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An Escape From Virtual Reality

Harloc, Elmaux waste Sam in hair-triggered digital battle in narrow (plywood) Mars canal

I WAS strapped in the husky Rustler, the pick-up truck of Mars, caroming off the walls of the Red Planet's labyrinthine canal system, desperately trying to get enough forward thrust in my hovercraft to escape the ... excuse me, what am I trying to escape from?

Answer: Main Street in Walnut Creek, Calif., at night, better known as a pastoral, bedroom community on Earth near San Francisco. Escape this alleged dullness for $9. Leave trees and friendly people behind. Abandon rolling hills and real stars. Dump reality as we know it.

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Known as Virtual World, this storefront on 1375 N. Main Street in Walnut Creek is a ``digital theme park,'' an outpost of the Virtual Geographic League where cyberspace adventurers bond electronically in the explorer's lounge before and after bashing and frying each other, digitally speaking, in hovercrafts on the Red Planet.

Frankly, the leap from the electronic typewriter generation to the digital cyberspace computer generation has not been smooth for me. I, a Homo sapiens who still has difficulty balancing checkbooks and setting digital alarm clocks, have been pre-conditioned to accept one low-static reality, yet am lured by the promise of other high-tech realities.

So, I enter Virtual World, on-line for one year. After a wait in the explorer's lounge where veterans of countless missions watch TV monitors of battles under way, I enter a darkened room. My call sign is Sam, a very unimaginative selection by me compared with Harloc, Elmaux, Castor, and Wiener, the names of the other combatants who will try to escape the Red Planet and reduce me to electronic snow.

After a briefing by a young woman with peroxided hair (virtual hair?) and wearing a white smock (smocked virtually?), we watch a TV video, an instructive prelude to what we are about to experience. Then we each sit in a dark Rustler hovercraft or a ``virtual reality pod'' (in reality, a big plywood box screwed to the floor and painted black with a sliding door), and face a big video monitor. I am sitting in a simulated cockpit with red lights flashing, readouts, right hand on a joy stick to control direction, left hand on a thruster (with booster rockets) to control forward and backward thrust.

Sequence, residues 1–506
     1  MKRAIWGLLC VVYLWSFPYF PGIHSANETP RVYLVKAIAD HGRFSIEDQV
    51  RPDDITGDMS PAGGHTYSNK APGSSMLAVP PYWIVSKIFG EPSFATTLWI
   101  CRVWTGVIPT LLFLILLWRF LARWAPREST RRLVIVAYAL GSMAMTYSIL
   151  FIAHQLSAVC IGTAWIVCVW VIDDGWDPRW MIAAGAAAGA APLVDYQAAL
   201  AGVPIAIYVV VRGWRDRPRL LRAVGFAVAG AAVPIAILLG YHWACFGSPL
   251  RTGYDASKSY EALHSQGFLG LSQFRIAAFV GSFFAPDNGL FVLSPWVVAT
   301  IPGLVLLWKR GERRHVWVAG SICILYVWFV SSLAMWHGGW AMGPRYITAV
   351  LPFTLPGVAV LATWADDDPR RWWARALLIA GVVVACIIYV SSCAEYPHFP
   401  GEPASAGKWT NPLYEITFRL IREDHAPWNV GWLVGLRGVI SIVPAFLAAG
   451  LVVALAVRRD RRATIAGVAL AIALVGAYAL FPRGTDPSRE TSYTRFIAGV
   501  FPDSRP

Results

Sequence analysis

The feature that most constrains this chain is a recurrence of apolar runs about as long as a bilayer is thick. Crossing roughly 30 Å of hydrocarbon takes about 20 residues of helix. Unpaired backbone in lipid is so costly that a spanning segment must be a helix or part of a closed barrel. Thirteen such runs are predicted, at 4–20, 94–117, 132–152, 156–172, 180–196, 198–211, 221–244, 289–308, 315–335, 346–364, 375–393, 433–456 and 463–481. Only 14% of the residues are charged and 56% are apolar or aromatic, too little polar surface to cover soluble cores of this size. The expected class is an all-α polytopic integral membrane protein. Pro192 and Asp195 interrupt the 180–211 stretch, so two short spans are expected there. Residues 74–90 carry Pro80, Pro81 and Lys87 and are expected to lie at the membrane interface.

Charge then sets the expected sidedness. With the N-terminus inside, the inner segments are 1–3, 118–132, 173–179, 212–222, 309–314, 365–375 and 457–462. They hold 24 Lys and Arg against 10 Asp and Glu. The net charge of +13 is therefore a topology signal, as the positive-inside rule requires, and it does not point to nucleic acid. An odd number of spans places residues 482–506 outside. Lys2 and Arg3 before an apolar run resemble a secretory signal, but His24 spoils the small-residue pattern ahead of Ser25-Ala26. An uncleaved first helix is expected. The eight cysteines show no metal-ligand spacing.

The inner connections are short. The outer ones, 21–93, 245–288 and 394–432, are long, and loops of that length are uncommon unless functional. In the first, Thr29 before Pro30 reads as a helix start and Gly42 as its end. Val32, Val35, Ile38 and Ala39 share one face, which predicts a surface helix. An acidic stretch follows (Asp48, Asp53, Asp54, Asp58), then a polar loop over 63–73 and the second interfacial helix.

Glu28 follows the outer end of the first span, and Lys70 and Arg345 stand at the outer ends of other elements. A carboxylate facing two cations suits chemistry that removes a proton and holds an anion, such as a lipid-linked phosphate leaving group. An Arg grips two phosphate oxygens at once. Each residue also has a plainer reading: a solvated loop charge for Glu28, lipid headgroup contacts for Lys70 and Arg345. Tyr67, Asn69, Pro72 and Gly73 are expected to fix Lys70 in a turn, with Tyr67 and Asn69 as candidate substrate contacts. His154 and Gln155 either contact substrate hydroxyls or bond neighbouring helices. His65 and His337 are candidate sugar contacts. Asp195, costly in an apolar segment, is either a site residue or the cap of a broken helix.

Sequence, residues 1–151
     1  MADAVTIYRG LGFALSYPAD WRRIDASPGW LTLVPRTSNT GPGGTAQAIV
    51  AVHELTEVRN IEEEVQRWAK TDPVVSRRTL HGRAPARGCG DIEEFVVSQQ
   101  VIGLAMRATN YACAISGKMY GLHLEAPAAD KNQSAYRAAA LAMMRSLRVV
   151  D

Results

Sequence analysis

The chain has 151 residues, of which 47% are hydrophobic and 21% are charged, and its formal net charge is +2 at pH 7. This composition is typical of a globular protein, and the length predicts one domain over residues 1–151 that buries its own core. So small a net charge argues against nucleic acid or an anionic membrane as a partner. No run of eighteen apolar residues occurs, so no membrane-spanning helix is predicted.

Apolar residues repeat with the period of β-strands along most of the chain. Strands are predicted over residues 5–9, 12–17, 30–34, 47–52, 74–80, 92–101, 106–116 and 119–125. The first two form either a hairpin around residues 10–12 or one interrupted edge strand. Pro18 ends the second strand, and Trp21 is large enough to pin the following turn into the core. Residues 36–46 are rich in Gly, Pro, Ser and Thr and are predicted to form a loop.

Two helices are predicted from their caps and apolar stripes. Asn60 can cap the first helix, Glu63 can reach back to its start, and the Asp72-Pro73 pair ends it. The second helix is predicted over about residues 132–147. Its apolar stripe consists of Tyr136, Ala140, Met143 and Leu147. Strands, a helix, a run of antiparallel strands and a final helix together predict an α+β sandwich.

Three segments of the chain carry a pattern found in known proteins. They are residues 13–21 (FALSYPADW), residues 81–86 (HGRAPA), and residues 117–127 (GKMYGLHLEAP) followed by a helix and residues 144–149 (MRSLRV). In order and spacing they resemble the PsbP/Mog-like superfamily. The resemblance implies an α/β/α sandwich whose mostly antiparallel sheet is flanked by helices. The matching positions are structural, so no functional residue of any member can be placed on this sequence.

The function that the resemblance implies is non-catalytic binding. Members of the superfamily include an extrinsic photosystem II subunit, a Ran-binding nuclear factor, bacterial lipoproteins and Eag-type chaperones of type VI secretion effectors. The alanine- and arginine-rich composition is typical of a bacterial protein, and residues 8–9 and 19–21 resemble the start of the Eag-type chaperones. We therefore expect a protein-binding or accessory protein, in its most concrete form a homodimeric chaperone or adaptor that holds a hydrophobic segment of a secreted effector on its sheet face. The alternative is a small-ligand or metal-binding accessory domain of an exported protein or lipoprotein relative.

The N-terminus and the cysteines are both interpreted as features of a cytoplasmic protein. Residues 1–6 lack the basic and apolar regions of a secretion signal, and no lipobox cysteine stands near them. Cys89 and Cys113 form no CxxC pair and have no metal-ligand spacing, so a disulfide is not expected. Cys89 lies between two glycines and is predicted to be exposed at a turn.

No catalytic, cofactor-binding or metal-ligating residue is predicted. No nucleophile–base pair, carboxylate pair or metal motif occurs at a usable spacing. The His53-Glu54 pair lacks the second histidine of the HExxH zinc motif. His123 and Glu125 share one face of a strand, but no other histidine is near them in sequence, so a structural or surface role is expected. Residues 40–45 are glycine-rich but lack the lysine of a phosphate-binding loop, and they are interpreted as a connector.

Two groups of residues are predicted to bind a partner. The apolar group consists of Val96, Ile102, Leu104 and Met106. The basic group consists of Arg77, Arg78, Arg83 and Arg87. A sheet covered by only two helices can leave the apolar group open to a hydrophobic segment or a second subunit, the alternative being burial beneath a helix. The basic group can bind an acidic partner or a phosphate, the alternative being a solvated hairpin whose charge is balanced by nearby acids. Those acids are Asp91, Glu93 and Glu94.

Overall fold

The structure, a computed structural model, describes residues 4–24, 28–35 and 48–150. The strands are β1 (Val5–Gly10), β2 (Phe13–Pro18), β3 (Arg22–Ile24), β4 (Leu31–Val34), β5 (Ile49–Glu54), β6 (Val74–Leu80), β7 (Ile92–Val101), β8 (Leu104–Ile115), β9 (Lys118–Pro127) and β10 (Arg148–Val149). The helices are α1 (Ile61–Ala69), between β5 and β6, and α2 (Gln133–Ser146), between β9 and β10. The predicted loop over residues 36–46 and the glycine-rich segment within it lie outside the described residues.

The object is to rocket down the narrow Mars canal in the Rustler, blast the others, and turn around and do it again. Easier realized than imagined. The directional mechanism has a hair trigger. I mix the thruster button with the booster button. I am in hiccup mode. I thump and bang the walls while slowing down and speeding up. Other hovercrafts whoosh by me. I am blasted three times and obliterated by head-on collisions.

Ten minutes go by quickly in sweaty reality. I manage three laughable laps. Harloc streaks for seven laps. Back in the explorer's lounge we watch a ``mission review.'' A TV monitor gives our statistical results under baffling cyber acronyms. Then we get a detailed printout of the battle with a log of the action and a precise schematic drawing indicating the location of each action. Amazing.

Excerpts from the log: ``Harlock fires and hits Sam in South Easy-Bake 2,'' and ``Righteous collision delivered by Elmaux to Sam in South Tank Farm,'' and ``Sam fires and hits Weiner in North Underpass.''

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I stepped back into the night on N. Main Street, the pilot's log in my hand. Overhead, several billion stars twinkled. Nearby a little Italian restaurant sprinkled the air with currents of real garlic.

My last entry in the pilot's log is, ``Sam embraces the galaxy in the 1100 block of Main Street in Walnut Creek and leaves virtual reality in the dust.''

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